This is the Charles Russell Speechlys profile for those considering solicitor apprenticeships. Students looking to apply for training contracts should check out Legal Cheek‘s main Charles Russell Speechlys profile.
Charles Russell Speechlys (CRS) is big player within the private client space, covering everything from family and immigration law to art and property issues. But for those hopeful apprentices bent on business law, fear not! CRS also boasts a strong presence across corporate sectors including M&A, real estate, banking, finance, retail, and telecommunications. What’s more, as a trailblazer in the apprenticeship market (the firm has already produced its first batch of qualified solicitor apprentices), CRS prides itself on having a level of experience far greater than many of its late-adopter rivals.
For one fifth-year CRS apprentice, the TC alternative provided a vital ladder into the world of City law. “From my perspective, financially it was just such a bargain,” they explain. “I come from a very working-class background, and going to university just didn’t really seem practical. The fact that [on a solicitor apprenticeship] you can earn a law degree which is fully paid for whilst taking home a salary from the age of 18, I thought was really great.” And, for this apprentice, his vision for the future was clear from the moment he left college. “I did various work experience placements during sixth form, so I had a really good idea of what I wanted to do and the type of law firm that I wanted to work for,” he explains. “I didn’t even apply for university, that’s how set I was on it. I knew what I wanted, and a solicitor apprenticeship with CRS seemed the best way to get there.”
With the opportunity to rotate between all four key divisions of the firm each year for the first four years of the programme, apprentices gain a holistic experience of the legal work on offer at the firm. These four divisions at CRS are corporate and commercial, litigation, private client and real estate. The final two training contract-style years of the apprenticeship involve four six-monthly rotations, with a wider number of seat options becoming available to recruits. Those who grew fond of one seat in their first four years gain the opportunity to rejoin this team in the final two years, with a view to qualifying in that practice area. “All in all,” our insider tells us, “it’s not outside the realms of possibility for apprentices to experience eight different practice areas over the course of their apprenticeship.” Clearly, CRS is very serious about giving their recruits varied training throughout the programme — an attractive prospect for apprentice hopefuls, especially those who are undecided about the area of law they ultimately wish to qualify.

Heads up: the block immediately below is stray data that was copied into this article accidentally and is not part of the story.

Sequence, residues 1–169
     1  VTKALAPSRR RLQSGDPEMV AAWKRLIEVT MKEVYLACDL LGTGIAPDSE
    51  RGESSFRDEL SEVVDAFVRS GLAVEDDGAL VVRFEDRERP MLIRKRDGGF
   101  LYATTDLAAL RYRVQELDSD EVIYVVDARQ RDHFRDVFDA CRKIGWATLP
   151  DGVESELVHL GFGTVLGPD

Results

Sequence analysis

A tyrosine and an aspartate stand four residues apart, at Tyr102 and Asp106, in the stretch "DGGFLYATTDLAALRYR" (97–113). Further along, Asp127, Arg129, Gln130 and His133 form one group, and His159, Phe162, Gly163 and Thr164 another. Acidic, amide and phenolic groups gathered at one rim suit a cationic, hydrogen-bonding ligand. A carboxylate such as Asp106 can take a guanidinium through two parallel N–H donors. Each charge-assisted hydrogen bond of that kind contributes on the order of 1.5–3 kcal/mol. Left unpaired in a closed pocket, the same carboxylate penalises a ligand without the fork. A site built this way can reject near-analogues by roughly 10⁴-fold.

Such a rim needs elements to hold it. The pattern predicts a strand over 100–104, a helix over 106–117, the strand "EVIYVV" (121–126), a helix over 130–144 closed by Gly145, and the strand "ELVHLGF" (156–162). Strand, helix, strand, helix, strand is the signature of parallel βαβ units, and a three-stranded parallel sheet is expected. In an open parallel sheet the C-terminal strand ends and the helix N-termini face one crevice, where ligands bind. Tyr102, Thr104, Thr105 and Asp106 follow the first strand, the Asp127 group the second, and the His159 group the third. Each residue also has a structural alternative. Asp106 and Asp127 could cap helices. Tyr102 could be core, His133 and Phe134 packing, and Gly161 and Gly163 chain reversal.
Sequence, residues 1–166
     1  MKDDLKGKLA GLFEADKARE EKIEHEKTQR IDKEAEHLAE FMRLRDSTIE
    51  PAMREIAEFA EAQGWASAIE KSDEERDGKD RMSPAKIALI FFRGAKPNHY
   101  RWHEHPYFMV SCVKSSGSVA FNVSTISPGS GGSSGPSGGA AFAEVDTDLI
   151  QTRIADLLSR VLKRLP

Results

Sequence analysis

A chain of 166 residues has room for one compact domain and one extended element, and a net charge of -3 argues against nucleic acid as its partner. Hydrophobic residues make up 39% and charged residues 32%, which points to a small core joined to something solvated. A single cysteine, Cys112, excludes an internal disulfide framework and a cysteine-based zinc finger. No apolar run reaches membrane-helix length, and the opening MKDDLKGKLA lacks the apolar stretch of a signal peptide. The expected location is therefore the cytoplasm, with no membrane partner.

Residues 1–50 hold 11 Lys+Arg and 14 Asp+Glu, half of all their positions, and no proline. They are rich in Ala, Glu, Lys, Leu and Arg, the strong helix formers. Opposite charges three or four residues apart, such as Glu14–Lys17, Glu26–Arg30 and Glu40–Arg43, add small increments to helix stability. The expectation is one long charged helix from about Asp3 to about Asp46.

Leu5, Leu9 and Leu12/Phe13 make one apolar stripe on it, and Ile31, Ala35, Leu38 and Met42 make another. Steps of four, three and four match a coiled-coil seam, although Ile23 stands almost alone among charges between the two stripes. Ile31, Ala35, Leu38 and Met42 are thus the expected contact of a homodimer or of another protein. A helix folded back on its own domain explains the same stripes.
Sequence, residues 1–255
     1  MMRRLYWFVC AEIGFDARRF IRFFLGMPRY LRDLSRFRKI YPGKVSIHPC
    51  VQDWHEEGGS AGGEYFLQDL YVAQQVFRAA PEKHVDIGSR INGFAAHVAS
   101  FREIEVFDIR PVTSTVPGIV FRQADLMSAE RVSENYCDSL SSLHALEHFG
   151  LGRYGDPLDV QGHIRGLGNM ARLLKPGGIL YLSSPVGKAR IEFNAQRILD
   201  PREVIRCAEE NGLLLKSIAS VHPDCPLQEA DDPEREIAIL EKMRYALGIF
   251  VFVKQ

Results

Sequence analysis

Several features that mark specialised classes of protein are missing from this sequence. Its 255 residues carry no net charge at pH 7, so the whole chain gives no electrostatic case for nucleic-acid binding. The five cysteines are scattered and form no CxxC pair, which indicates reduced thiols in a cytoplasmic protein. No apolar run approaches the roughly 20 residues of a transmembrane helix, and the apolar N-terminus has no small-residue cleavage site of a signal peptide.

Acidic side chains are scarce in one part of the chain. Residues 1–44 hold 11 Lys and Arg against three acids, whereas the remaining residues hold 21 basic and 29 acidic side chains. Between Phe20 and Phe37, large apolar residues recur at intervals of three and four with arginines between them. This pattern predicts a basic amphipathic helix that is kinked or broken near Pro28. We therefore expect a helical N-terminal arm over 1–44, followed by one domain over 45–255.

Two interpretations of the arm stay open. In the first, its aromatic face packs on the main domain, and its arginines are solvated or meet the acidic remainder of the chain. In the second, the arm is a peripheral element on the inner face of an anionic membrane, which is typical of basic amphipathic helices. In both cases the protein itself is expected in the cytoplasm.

CRS apprentices can apparently look forward to a high level of responsibility “straight off the bat”, with work looking similar to that of a paralegal or, on occasions, a trainee. Luckily for CRS hopefuls, this means that many of the tasks feature real legal work and not just hours next to the photocopier. According to one apprentice, this can look like drafting ancillary documents and corresponding with lawyers and public bodies – but of course, this can vary between seats. “Bundling, meetings and attendance notes – it’s a real, real variety of work,” the apprentice tells us. Work levels rise as rookies gain more experience, but we’re told there is a firm expectation that they keep within their contracted 9-5 hours for the first four years of the programme. “The hours are really good considering how much we get paid!” remarks one flush apprentice.
From the start, apprentices will be enrolled on an LLB with The University of Law (ULaw) before embarking on the Solicitor Qualifying Exams (SQE) in years five and six. As standard, apprentices will study for one day per week, whilst working full-time for the remaining four. And recruits need not fear missing out on standard uni fanfare, as we are told apprentices still can join graduation ceremonies on successful completion of their degree. One fifth year does remark on the significant step up the SQE presents in comparison to the LLB. “I would say it’s about three times harder than studying for the law degree,” he confesses. “You just have to be that much more efficient, but by the fifth year of the apprenticeship, you are already well-versed in managing your time.”
But what makes the solicitor apprenticeship at CRS really stand out? “We do work that a lot of smaller firms would do, such as family law, immigration, IP litigation and pensions — but we do it to such a high level. A lot of other firms cannot compete with the level of resources that CRS brings to these practice areas”, he enthuses. International and client secondment opportunities, though most likely to arise during the training contract part of the apprenticeship, provide another exciting element. We’re told one lucky apprentice was recently seconded to Dubai! Mini-secondments are also commonplace for those who wish to get involved in the charitable initiatives at CRS. For example, apprentices get the chance to spend two-weeks in Greece, assisting migrants with asylum applications. At CRS, we are told, “it’s very much a case of letting them know what you want to do, and they will be accommodating.”
This is Charles Russell Speechlys’ Solicitor Apprenticeship profile. Read Charles Russell Speechlys’ full Legal Cheek profile here.